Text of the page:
Does he care about it?

    • Obama gives veterans an open source commitment

      Defense uses an insurance system called TRICARE managed by a proprietary records system called AHLTA. The Veterans Administration is a single-payer health care system managed by an open source records system called VISTA.

  • GNU/Hardware

    • GNU Radio: the open-source software defined Radio

      GNU Radio is an open source Software Defined Radio (SDR) project that was started about ten years ago by Eric Blossom, an electrical engineer. The main idea which is behind this project, as its founder says, was to turn all the hardware problems into software problems, that is move the complexity of a radio equipment from the hardware level to the software one, and get the software as close to the antenna as possible.


      The GNU Radio package is provided with a complete HDTV transmitter and receiver, a spectrum analyzer, an oscilloscope, a multichannel receiver and a wide collection of modulators and demodulators.

  • Sun

  • Open (But No Source Code)

    • Cloud Computing Brings Cost Of Protein Research Down To Earth

      In 2004, a group from the NIH developed and distributed an open-source alternative to commercial proteomics search programs, entitled Open Mass Spectrometry Algorithm (OMSSA). A second open-source proteomics database search is also now available; the X!Tandem, developed and released by the Bevis Laboratory at the University of Manitoba.

    • Strobist Designs Real Open Source Remote Trigger

      When I wrote about the Lumipro Flashgun (yes, the review is coming), a strobe designed by actually listening to the people who would buy it, I called it ‘open source’ (with the quotes). While, technically, it wasn’t true, it certainly followed the spirit of the project.

      Now, there is a true open source flash project. Called the SPOT (Strobist Project Opensource Trigger), it is a wireless trigger for off-camera flash, and by downloading the schematics and GPL-licensed` software, you can build it yourself for around $50.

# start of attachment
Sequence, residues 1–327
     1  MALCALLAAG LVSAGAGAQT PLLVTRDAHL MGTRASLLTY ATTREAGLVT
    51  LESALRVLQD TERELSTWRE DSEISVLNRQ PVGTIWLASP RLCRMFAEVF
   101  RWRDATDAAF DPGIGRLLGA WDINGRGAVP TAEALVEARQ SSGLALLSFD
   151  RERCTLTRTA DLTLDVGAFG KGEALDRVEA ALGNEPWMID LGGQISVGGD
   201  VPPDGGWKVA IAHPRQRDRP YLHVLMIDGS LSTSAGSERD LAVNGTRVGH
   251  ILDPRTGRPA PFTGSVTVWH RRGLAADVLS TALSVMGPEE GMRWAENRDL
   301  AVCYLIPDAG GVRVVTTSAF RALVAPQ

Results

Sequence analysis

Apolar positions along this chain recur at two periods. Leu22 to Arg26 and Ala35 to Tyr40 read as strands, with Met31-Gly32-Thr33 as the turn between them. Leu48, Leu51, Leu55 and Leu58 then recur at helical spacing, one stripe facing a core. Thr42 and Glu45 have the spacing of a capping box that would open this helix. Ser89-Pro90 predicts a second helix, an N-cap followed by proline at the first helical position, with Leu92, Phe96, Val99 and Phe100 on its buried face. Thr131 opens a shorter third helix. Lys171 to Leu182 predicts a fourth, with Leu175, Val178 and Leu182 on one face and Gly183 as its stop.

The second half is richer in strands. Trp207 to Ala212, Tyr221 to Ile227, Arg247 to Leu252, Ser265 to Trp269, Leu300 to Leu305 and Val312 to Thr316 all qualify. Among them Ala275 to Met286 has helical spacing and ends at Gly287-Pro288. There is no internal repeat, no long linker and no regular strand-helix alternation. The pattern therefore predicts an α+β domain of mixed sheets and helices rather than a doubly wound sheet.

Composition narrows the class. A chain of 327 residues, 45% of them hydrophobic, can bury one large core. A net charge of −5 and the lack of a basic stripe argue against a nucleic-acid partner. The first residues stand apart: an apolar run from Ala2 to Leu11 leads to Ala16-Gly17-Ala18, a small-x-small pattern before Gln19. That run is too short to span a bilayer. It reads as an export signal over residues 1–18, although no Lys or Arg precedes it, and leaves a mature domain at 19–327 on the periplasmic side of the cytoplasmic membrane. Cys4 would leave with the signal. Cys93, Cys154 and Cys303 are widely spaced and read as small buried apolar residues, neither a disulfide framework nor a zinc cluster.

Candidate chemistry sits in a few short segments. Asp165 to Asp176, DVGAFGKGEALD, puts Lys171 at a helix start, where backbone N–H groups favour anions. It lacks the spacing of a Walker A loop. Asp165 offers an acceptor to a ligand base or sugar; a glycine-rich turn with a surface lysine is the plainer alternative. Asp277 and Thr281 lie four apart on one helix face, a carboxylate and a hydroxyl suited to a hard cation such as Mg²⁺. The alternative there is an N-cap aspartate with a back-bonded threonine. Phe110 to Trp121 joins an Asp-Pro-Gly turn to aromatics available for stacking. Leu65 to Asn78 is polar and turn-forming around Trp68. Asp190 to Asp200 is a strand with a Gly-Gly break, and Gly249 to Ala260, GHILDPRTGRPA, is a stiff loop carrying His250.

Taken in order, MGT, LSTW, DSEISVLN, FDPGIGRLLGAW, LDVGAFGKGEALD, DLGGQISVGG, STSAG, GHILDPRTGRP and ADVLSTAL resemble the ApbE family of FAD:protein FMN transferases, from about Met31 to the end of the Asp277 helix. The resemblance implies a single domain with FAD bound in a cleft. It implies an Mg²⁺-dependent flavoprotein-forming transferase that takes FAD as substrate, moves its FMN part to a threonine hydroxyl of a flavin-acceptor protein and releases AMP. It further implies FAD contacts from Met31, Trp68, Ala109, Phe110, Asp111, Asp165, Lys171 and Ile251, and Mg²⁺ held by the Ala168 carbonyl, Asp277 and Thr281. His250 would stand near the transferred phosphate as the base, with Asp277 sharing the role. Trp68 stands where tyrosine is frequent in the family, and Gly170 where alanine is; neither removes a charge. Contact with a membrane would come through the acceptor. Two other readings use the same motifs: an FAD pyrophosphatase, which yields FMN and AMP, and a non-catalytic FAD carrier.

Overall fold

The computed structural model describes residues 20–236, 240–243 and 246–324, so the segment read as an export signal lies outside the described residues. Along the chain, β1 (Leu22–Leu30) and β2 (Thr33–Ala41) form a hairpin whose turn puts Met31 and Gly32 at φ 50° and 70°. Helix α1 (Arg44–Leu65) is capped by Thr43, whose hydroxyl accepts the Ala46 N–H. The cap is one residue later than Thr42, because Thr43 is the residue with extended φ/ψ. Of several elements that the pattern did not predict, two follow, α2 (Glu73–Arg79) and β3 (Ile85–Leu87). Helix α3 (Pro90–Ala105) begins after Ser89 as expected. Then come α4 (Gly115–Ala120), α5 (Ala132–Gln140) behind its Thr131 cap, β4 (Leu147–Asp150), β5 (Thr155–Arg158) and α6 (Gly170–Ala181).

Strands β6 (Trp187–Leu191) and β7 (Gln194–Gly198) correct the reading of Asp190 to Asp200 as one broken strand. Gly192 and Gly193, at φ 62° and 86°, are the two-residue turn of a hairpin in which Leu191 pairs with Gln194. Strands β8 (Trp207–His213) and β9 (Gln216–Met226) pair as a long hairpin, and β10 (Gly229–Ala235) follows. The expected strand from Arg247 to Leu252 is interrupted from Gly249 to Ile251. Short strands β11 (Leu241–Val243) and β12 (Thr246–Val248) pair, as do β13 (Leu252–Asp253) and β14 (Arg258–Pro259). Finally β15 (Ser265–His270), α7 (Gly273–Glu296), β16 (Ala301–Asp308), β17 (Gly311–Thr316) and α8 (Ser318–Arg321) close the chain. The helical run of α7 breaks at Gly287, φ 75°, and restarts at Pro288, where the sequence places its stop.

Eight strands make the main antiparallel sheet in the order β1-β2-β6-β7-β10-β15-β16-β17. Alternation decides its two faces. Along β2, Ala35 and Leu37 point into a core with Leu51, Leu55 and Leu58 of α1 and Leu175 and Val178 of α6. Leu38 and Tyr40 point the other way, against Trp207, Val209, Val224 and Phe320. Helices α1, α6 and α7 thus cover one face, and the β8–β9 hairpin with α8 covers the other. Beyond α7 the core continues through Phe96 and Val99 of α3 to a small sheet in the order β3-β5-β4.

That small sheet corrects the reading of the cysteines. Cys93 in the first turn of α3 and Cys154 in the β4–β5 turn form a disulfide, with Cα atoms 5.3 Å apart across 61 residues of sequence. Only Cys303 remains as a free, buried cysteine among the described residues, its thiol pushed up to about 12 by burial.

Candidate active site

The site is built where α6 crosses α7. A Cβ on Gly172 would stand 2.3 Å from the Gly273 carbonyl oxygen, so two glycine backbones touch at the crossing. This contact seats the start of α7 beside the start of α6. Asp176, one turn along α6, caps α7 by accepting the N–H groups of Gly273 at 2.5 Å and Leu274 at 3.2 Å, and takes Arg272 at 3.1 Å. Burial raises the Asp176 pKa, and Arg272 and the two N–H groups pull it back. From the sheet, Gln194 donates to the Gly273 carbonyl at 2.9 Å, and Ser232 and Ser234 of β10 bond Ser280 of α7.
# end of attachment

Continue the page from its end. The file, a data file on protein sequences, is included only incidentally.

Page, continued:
• Scientific Learning Contributes Content to Open Source Community

      Scientific Learning Corp. has announced it will contribute neuroscience- and technology-based based activities from two of its educational products to open source program FreeReading.net.

      The open source program allows users to access, share, and copy online content legally, owing to what is known as a Creative Commons Attribution-Share Alike License, more commonly referred to as a “wiki” license.


  • New and worse secrecy and immunity claims from the Obama DOJ

    When Congress immunized telecoms last August for their illegal participation in Bush’s warrantless eavesdropping program, Senate Democratic apologists for telecom immunity repeatedly justified that action by pointing out that Bush officials who broke the law were not immunized — only the telecoms. Here, for instance, is how Sen.

  • Gag to Internet: Digital rights and Internet rules & Co A real defense of the user, without putting the gag on the free flow of information

    As part of our campaign “Law Network”, we have organized a conference for April 23 in Rome, the Hall of Columns of the House of Representatives (from 09:30 am to 05:00 pm).